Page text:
Magazine article Black Issues in Higher Education
THE LAST WORD: African-American Males in Higher Education
THE LAST WORD: African-American Males in Higher Education.
Despite the many problems that plague African-American males, the practice of classifying us as an "endangered species" has always struck me as a convenient, but a regrettable, sound bite. Granted, the current data on African-American males on such indices as college enrollment, prison statistics, and college and high school completion rates are dismal at best and frightening at worst. However, like all sound bites, "endangered species" not only overstates the case, it hides a large portion of the real picture. Even a cursory glance at the total reality will show that thousands of African-American males are achieving high levels of academic success.
This is especially true concerning higher education, where African-American males -- including students, faculty, and staff -- are forced to deal with the same negative societal issues as other African-American males. For example, institutional and personal racism is alive and well on college and university campuses. Also, the lack of positive African-American role models is a serious problem. On most historically white university campuses, most African-American males are in low-paying service jobs. Even a tenured full-professor, administrator, Roman Catholic priest (like this writer) is often given more than his share of the elevator space when he shares it with white women on many university campuses. So racism, favoritism, and policies and practices of exclusion still have a negative impact on African-American males on college and university campuses.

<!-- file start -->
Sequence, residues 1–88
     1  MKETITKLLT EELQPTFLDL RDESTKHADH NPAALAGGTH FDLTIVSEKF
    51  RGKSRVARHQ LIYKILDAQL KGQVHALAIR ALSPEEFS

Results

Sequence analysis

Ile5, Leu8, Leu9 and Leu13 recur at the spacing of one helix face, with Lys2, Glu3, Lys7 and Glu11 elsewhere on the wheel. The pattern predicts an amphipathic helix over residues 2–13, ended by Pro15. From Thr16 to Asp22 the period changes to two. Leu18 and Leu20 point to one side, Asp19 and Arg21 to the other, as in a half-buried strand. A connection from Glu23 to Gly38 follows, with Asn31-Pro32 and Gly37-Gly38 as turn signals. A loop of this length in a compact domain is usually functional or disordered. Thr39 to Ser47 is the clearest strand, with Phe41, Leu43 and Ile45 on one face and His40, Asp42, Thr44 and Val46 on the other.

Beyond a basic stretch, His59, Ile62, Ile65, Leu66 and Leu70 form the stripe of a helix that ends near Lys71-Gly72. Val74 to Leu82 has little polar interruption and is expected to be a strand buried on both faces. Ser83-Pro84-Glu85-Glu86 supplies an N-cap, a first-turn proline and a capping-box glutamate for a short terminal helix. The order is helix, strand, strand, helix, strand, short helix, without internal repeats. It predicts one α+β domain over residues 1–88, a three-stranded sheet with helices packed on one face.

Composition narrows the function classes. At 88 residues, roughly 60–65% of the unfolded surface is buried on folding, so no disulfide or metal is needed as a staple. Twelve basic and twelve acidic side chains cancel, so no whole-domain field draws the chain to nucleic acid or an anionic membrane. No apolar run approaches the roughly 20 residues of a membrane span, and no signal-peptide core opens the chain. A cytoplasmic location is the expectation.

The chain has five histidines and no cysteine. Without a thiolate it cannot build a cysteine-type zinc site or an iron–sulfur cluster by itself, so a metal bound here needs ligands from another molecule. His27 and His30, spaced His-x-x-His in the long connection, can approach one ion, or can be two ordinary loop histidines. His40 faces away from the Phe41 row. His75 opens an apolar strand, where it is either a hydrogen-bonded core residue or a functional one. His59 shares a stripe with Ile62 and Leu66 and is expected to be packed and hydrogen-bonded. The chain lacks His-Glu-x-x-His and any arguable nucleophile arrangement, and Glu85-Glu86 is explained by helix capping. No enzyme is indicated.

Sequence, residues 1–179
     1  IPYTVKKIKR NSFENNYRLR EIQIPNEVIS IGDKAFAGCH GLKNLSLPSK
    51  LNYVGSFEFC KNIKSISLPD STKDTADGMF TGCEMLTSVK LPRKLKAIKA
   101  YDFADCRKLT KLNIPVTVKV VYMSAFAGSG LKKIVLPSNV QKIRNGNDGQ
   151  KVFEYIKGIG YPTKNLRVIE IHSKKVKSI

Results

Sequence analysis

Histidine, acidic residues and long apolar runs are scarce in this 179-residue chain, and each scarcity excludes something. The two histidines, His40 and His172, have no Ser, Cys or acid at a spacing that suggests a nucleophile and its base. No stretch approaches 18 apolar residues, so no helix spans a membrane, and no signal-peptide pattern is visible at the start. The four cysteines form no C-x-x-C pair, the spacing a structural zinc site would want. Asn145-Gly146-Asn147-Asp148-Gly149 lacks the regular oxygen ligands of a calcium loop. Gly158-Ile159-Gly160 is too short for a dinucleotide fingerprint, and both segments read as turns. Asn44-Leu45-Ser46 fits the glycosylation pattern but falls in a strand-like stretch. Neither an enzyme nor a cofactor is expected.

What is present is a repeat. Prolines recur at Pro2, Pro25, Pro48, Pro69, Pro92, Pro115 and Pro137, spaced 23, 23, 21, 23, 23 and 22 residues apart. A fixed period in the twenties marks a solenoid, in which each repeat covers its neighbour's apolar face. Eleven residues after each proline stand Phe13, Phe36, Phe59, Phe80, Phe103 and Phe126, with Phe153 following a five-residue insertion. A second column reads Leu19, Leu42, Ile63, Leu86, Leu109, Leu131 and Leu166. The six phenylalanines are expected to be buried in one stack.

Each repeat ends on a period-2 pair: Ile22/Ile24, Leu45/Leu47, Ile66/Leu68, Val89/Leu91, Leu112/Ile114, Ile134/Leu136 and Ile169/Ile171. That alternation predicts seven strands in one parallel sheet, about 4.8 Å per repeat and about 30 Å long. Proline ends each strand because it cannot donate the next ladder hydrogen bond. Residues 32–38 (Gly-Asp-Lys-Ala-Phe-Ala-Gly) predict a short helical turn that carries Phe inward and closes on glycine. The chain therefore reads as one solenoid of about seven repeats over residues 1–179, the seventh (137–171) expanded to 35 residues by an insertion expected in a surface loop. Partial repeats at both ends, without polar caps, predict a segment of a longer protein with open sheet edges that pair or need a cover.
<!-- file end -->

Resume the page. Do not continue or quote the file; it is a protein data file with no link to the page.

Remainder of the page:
Nevertheless, if we are going to improve our lot, we must reframe the issues. We must move from a deficient "blame-the-victim" model to one that says not only that we can be successful, but we WILL be successful. We must begin by reframing our perception of our status. Rather than seeing ourselves as victims, we must see ourselves as creators of our own destiny. Rather than seeing ourselves as an endangered species, we must draw strength and courage from our 500 years of struggling against -- and often overcoming -- the hurdles of racism and other forms of bigotry.
We must not allow others to cast us on the endangered species list. If anything endangers us, it is our passive acceptance of being classified as endangered. …